Another trouble spot came up at tonight’s meeting – 15th and Holden in Highland Park. That report is coming up later. Meantime, Nickelsville is scheduled to be discussed during Wednesday night’s Highland Park Action Committee meeting (7 pm, HP Improvement Club, 12th/Holden); HPAC has previously told the city that other communities should take turns hosting the encampment, and also has surveyed community members for their thoughts.
(Gina Baleto-Ferguson and Sage Marts at Talaricoâs during past Dining Out For Life)
Want to help people have a good time for a good cause? Lifelong AIDS Alliance is recruiting restaurant ambassadors for the 20th year of Dining Out For Life on April 25th:
Dining Out For Life is an annual event in which more than 150 Seattle-area restaurants donate a portion of your bill to support Lifelong AIDS Alliance and the fight against illness and hunger in our community. Ambassadors welcome guests, answer questions about Dining Out For Life , and collect donations.
The top five reasons why you should volunteer are:
1. See your peeps. Packing the restaurant with friends, family, and co-workers is a great way to maximize your volunteer experience. Request that your shift is held at one of your favorite restaurants from the list of those participating (pending availability).
2. Be inspired. Often patrons will share touching stories as to why they chose to participate in Dining Out For Life. Learning about how HIV/AIDS has affected so many of us is powerful â and makes your volunteer experience that much more rewarding.
3. Giving back was never this easy (or fun). What other volunteer opportunity has you meeting new people, visiting with friends, and talking about a great cause all while hanging out in some of Seattleâs coolest restaurants and bars?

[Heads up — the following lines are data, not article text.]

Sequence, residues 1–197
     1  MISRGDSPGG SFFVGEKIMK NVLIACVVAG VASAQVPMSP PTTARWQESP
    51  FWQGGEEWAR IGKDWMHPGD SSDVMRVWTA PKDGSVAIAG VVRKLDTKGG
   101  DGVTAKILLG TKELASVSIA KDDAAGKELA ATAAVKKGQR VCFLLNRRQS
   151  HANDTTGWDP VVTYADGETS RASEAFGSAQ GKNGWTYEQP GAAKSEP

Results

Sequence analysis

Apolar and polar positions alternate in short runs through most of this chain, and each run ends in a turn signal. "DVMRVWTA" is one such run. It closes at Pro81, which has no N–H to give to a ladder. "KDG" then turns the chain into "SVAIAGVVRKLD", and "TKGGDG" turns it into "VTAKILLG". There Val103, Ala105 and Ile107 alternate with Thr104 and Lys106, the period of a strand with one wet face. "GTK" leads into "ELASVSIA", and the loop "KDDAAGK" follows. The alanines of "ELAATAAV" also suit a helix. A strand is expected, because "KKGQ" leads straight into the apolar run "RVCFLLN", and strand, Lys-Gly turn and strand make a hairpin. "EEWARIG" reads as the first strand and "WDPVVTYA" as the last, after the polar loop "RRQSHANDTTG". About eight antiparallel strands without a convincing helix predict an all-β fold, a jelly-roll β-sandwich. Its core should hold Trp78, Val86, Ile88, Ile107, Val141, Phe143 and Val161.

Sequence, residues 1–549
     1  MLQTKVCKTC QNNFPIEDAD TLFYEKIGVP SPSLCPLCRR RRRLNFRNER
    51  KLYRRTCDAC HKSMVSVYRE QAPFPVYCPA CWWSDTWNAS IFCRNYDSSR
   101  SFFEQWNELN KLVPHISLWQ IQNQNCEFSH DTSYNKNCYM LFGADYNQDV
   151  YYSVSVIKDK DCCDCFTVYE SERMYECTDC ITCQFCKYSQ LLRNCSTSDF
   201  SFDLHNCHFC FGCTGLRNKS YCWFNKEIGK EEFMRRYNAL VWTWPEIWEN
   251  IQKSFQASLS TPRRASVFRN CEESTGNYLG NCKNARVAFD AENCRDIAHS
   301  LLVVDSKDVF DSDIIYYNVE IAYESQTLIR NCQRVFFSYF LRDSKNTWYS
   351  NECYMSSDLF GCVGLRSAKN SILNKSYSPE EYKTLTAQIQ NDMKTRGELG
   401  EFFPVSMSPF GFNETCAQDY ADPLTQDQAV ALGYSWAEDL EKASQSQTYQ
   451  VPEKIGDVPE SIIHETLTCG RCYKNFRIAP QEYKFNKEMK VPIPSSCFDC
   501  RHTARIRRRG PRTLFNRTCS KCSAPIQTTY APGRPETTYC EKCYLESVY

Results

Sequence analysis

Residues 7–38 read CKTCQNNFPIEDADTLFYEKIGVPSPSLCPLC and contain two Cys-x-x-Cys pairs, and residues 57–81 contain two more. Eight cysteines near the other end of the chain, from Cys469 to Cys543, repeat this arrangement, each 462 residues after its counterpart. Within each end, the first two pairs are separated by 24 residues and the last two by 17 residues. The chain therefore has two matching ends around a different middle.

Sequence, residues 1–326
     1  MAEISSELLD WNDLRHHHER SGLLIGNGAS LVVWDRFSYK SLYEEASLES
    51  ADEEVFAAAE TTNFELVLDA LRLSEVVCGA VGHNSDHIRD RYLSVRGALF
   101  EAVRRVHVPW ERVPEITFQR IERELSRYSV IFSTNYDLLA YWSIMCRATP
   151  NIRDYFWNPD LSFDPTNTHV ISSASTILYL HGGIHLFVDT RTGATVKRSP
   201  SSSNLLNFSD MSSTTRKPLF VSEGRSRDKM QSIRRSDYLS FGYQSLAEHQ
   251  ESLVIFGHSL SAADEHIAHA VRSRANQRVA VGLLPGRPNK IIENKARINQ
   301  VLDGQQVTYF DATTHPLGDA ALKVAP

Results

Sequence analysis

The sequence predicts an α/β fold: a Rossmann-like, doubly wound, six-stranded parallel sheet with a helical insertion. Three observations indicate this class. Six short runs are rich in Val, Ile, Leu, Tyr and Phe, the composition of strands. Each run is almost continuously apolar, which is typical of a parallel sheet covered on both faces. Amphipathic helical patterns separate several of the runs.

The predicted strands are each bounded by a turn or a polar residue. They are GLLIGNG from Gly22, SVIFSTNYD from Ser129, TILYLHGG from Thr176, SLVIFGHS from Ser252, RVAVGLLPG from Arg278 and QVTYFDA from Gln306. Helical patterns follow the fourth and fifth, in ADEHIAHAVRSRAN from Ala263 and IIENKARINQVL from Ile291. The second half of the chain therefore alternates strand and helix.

4. We could not do it without you. The ambassadorâs role is vital to the success of this event. One-third of the total dollars raised at Dining Out For Life come from additional cash donations resulting from conversations between patrons and their ambassadors.
5. Be a part of something big. The funds raised on April 25th support Lifelongâs work empowering people living with HIV/AIDS and other chronic conditions to lead healthier lives. As an ambassador at Dining Out For Life, you are helping save lives!
Breakfast, lunch, dinner, and late-night shifts are available in restaurants all over Seattle/King County. An average shift takes anywhere from 3-6 hours. Visit DiningOutForLife.com/Seattle for the list of participating restaurants.
**Register online at wllaa.org/DOFLvolunteer to fill out the volunteer ambassador application**
Are you a restaurant interested in participating? We need you, too!
Participating in Dining Out is more than just good philanthropy; itâs good business. Lifelong is committed to hosting a successful event, helping fill your restaurant with loyal patrons, and creating a mutually beneficial partnership. Contact Eleazar Juarez-Diaz for more information or sign-up online here.
So far, according to the DOFL website, four West Seattle/White Center restaurants are participating – Buddha Ruksa, Skylark CafĂŠ, Proletariat Pizza, and Talarico’s, all planning to participate during the dinner hour that night.